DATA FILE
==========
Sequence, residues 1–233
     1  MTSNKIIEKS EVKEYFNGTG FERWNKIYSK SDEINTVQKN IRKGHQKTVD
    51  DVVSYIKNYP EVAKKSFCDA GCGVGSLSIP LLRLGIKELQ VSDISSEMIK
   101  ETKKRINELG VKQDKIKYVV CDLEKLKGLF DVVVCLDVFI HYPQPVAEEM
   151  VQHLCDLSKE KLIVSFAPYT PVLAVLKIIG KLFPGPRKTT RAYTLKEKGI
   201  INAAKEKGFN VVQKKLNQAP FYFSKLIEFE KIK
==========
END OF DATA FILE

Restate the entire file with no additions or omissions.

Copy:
Sequence, residues 1–233
     1  MTSNKIIEKS EVKEYFNGTG FERWNKIYSK SDEINTVQKN IRKGHQKTVD
    51  DVVSYIKNYP EVAKKSFCDA GCGVGSLSIP LLRLGIKELQ VSDISSEMIK
   101  ETKKRINELG VKQDKIKYVV CDLEKLKGLF DVVVCLDVFI HYPQPVAEEM
   151  VQHLCDLSKE KLIVSFAPYT PVLAVLKIIG KLFPGPRKTT RAYTLKEKGI
   201  INAAKEKGFN VVQKKLNQAP FYFSKLIEFE KIK